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U.S. military wants to make drones modeled after birds and insects

Drones are about to get buzzier.


Eric Geller


Posted on Dec 25, 2014   Updated on May 29, 2021, 9:49 pm CDT

A cutting-edge U.S. military research lab wants the next generation of drones to buzz across a battlefield like insects and gather intel with the watchful eyes of a hawk.

That’s the jist of the latest media release from the Defense Advanced Research Projects Agency (DARPA), which on Monday solicited input for its Fast Lightweight Autonomy (FLA) program.

According to DARPA, the program will develop “a new class of algorithms to enable small, unmanned aerial vehicles to quickly navigate a labyrinth of rooms, stairways and corridors or other obstacle-filled environments without a remote pilot.”

DARPA’s media release includes this video of a goshawk that demonstrates the combination of speed, agility, and perceptiveness that the military wants from its new drones.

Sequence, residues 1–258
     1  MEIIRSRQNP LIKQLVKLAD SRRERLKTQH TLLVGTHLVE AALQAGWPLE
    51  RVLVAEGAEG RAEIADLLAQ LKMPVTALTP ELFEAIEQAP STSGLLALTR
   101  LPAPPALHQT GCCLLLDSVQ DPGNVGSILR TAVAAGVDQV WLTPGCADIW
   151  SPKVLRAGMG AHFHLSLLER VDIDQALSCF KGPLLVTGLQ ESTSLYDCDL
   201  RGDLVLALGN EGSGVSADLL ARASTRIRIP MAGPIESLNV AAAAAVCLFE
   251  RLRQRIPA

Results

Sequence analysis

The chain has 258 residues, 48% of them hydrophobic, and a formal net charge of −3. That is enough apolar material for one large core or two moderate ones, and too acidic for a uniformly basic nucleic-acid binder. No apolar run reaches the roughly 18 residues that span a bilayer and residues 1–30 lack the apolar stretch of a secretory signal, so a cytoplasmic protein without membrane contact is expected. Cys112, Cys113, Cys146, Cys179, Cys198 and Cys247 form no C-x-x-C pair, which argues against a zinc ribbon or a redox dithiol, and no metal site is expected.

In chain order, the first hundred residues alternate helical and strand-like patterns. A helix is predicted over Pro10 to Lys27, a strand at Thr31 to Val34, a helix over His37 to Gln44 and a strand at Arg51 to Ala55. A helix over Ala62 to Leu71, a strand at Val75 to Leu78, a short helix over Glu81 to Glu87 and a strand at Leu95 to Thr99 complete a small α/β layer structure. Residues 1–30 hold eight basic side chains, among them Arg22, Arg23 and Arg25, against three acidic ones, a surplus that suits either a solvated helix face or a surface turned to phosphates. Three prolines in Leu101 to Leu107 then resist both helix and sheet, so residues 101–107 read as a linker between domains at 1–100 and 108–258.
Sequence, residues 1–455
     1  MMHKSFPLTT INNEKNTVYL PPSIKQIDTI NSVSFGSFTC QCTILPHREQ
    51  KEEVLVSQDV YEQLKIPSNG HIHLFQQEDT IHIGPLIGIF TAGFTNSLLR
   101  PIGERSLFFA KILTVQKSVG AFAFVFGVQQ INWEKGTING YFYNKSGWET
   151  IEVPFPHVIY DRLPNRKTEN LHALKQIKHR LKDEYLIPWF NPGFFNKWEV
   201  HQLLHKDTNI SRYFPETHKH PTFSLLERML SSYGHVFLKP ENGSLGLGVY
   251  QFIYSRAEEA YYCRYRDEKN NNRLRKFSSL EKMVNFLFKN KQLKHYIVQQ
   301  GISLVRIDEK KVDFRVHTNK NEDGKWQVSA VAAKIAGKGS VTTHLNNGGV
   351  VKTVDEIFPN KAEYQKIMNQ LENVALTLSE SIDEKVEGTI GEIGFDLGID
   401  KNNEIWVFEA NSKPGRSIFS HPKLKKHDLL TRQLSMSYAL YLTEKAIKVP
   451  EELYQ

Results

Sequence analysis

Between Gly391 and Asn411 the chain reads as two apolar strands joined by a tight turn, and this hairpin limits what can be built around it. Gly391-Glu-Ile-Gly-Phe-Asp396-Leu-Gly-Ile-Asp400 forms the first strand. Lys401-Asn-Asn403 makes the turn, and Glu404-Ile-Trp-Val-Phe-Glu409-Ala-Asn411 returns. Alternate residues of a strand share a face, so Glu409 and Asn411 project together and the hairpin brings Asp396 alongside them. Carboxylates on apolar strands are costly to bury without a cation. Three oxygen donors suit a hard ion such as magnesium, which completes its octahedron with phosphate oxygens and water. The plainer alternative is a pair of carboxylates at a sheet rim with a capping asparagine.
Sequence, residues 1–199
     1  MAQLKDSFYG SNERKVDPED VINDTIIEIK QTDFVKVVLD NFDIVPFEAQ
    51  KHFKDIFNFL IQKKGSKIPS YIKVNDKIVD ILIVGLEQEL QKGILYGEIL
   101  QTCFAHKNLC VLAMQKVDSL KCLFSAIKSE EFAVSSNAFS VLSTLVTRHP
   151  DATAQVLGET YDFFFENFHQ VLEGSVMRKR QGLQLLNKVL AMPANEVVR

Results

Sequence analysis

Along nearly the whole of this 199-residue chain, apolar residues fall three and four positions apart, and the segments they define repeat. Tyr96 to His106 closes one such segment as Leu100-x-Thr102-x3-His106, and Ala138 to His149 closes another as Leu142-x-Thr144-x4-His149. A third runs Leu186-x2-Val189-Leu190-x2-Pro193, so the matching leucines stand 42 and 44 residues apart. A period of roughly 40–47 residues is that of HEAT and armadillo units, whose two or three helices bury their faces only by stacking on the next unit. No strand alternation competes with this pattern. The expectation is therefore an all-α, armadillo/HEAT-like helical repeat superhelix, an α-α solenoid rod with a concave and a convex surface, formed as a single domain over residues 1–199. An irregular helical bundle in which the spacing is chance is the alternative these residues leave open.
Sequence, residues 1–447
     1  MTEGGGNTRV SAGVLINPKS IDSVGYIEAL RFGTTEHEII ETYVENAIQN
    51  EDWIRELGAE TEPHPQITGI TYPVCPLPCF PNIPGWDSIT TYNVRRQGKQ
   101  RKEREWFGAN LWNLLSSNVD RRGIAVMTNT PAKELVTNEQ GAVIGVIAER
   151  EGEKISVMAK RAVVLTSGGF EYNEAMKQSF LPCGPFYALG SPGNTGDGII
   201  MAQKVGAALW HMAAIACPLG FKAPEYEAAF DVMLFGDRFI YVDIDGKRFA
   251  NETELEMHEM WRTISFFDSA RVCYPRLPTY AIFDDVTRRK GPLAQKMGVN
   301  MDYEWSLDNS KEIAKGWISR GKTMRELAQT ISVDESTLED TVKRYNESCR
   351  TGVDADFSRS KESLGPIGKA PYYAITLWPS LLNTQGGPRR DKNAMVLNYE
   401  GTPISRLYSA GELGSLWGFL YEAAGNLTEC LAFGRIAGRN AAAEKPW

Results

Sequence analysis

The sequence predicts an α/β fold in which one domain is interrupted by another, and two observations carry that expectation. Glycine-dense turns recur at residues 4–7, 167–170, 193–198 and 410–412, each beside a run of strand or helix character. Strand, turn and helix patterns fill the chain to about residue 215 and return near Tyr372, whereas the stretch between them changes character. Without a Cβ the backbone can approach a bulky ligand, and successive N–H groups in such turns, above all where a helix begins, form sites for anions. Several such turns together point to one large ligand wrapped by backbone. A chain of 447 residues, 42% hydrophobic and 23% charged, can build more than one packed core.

(Sorry, this embed was not found.)

DARPA aims to incorporate the code that comes out of this new program into drones “small enough to fit through an open window” that can fly as fast as 45 miles per hour.

Mark Micire, a program manager at the agency, said, “Birds of prey and flying insects exhibit the kinds of capabilities we want for small UAVs.”

As with many military research projects, the government is eying possible civilian uses for whatever comes out of FLA. DARPA’s media release stressed land and sea applications in areas where GPS signals are weak and operator control is thus difficult to maintain. Stefanie Tompkins, director of the Defense Sciences Office at DARPA, cited “urban and disaster relief operations” as “key beneficiaries.”

Photo via David A Mitchell/Flickr (CC BY 2.0)

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*First Published: Dec 25, 2014, 1:42 pm CST